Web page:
Ask Nicely, Ask Often, Ask Well by Mark Pack & Edward Maxfield

By at July 29, 2013 | 1:09 pm | Print

Ask Nicely, Ask Often, Ask Well by Mark Pack & Edward Maxfield

Edward Maxfield 2013

A boy was struggling to lift a heavy stone when his father called out to him: ‘Are you using all your strength?’ ‘Yes, I am,’ the child said impatiently. ‘No, you are not,’ replied the father. ‘For I am right here just waiting, and you haven’t asked me to help you.’
Anonymous

Knowing you need a team to get things done is the easy bit. Actually having such a team is rather harder. How, then, do you get people to join the team and do things? By asking, and by asking well. Human beings are often remarkably reluctant to ask others for help, afraid of receiving a ‘no’ – or a ruder response. But if you don’t ask, you don’t get. Indeed, we would go further: you need to ask regularly or you risk people drifting away.

Ed got involved with a single-issue pressure group a few years back. It was campaigning against a move to change the law on an issue he felt strongly about. He heard their spokesperson on the radio and signed up as a supporter via their website. There was an initial contact with a simple campaign ask, an update or two and then silence. The legislative initiative had been defeated but the issue remained. Three years later the issue burst to life again. An email arrived (to an email address that had been retired for months). Then silence once more. Your campaigning author did not bother to get involved again.

 This is a simple story but one that is almost sure to be too common to people who get involved with political parties. They make contact in a burst of enthusiasm (we hear many stories of the hardships people endure even finding someone in their community to make contact with!). Then there is silence. Investigate further and often you will find well-meaning (overstretched) activists who ‘planned to get in touch but didn’t like to bother them’. You need to meet enthusiasm with enthusiasm and to give volunteers a sense of a dynamic organisation that is determined to achieve its goals. Keeping in touch and asking for help regularly is a key part of that.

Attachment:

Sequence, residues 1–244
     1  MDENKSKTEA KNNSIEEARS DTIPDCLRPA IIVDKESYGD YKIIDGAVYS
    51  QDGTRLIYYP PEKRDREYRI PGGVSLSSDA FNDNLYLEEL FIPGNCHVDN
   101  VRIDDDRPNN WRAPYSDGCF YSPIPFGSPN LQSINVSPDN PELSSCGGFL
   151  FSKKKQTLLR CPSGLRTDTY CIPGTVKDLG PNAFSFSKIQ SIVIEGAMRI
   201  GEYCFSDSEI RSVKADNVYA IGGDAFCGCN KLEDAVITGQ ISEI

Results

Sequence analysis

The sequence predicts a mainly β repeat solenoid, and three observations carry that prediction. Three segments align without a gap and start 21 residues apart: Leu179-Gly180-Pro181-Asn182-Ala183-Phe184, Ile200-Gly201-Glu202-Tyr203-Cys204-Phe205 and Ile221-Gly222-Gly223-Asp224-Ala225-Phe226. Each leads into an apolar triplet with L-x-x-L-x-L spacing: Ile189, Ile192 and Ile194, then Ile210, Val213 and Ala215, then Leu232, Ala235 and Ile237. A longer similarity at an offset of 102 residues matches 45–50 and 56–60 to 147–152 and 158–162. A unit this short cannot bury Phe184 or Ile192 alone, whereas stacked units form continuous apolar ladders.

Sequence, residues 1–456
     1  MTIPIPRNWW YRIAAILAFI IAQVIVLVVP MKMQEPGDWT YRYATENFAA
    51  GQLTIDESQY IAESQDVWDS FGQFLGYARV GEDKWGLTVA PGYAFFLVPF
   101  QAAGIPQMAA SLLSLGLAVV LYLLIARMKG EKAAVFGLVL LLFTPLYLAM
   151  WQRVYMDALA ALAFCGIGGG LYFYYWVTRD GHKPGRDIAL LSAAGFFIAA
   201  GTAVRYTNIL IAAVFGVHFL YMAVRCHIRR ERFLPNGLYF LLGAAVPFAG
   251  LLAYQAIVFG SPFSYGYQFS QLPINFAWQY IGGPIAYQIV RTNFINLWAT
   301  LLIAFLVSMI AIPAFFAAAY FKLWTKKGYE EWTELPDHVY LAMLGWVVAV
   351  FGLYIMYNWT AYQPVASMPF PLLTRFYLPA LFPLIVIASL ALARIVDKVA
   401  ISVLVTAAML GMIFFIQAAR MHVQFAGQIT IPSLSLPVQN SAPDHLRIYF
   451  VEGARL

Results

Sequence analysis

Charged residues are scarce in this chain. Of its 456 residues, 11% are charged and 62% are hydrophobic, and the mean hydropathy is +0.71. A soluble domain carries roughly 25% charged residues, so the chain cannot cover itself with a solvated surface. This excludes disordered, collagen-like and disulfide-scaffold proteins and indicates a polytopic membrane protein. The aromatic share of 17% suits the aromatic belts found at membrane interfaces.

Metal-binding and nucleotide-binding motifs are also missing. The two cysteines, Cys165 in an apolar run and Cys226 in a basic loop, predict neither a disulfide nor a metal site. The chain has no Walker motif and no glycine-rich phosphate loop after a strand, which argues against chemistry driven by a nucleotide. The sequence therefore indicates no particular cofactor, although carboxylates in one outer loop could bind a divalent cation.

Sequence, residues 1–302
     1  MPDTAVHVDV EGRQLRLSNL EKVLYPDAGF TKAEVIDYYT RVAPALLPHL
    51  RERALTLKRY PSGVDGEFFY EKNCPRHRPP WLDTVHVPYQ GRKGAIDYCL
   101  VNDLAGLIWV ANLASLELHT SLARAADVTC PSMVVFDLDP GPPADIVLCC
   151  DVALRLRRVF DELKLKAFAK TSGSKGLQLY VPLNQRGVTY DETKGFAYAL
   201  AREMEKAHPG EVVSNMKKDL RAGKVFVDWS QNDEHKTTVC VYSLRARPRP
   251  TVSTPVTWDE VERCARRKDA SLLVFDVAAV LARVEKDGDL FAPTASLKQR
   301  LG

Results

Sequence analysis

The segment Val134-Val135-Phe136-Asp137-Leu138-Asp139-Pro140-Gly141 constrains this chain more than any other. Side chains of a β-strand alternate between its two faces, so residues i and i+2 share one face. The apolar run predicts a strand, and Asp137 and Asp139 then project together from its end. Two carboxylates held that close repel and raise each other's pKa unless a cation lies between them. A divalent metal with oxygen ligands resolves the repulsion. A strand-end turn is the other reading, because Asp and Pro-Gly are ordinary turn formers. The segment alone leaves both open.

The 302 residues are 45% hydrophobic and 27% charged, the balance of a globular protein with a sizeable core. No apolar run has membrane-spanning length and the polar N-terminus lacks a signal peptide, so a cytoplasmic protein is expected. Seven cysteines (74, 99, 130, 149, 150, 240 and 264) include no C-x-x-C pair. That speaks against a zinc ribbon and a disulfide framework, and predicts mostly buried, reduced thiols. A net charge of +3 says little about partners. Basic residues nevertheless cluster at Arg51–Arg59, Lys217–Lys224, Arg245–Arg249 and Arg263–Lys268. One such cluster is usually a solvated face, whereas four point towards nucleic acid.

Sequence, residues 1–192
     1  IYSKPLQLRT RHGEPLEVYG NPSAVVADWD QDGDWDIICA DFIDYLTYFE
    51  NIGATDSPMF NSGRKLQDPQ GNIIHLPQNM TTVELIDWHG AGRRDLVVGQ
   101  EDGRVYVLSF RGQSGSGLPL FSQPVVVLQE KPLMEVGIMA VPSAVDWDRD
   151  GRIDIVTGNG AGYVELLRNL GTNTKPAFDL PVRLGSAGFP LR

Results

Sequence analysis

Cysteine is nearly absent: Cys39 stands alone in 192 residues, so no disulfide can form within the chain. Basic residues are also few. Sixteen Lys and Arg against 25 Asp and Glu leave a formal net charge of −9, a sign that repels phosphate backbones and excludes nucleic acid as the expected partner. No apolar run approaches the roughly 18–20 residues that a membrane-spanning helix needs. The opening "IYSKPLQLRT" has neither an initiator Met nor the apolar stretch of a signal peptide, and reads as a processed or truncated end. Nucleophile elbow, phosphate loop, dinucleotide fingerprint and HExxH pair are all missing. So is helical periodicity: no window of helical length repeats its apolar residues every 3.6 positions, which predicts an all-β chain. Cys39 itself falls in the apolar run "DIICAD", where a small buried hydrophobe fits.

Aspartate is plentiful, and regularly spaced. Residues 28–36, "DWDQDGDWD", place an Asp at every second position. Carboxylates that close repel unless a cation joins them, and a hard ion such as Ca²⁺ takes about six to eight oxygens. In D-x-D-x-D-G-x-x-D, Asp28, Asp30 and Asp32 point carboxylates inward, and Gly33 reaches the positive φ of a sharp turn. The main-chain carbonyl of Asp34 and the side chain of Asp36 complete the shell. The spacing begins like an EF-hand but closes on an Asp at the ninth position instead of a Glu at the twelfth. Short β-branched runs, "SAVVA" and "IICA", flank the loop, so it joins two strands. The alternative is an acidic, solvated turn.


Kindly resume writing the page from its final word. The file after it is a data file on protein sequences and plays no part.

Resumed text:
When asking for help, remember to ask nicely – often you are asking people to give up their own time voluntarily so that you can win political power. They need to like you in order to be happy with that exchange! That is not only a matter of good manners and polite vocabulary; it is also a matter of giving people proper attention when asking for help. Even if your approach is not face-to-face, people can still tell the difference between an off-hand, quick email, phone call or letter asking for help and one that has some care and attention given to it.

And ask often. Even if someone has declined to help once, it does not mean you should never ask them again. A different question at a different time can still get a yes. Even the same question may also get a yes second time round. Make the most of the opportunities you have: Mark has an obsession about sign-in sheets for meetings and rallies, for example. Always have one – and make sure there is one on every chair – and always give people the chance to offer help by ticking a box on the sheet.

Think about the nature of the opportunity, too. UK politician Ed Davey pioneered asking friends and family who are not politically active to help with his election campaign on its final weekend. The urgency and specific nature of the request makes it something people are willing to respond to, even if they normally have no interest in politics.

 When asking, you need to frame the question well, make it clear what you are asking for, why you are asking, how it can be done and when it needs doing.

The easier it is for someone to envisage themselves carrying out the task, the more likely they are to say yes.

That also means it is best to ask for something that is only a small step up from what they currently are doing – or a small, concrete and finite task if they are not yet doing anything.

 Above all, just ask.

This lesson was taken from our book, 101 Ways To Win An Election which in addition to the 10 in this series has another 91 for you to learn from! Buy the book

Dr Mark Pack is the co-author of 101 Ways To Win an Election and former Head of Innovations for the UK’s Liberal Democrat party, where he ran the party’s 2001 and 2005 online general election campaigns. His internet campaigning firsts include arranging the first British political party leader on Facebook and the first British election candidate website to take online donations.

@markpack on Twitter

Dr Edward Maxfield has worked as a campaigns and communications professional for over a decade. He currently runs the constituency office of Norman Lamb, UK Member of Parliament and Health Minister in the Coalition Government. Ed was a member of the Liberal Democrats’ national campaigns team from 2001 to 2006 and has also worked as a lecturer, a lobbyist and for some of the world’s biggest business consultancy firms.

Management & Strategy

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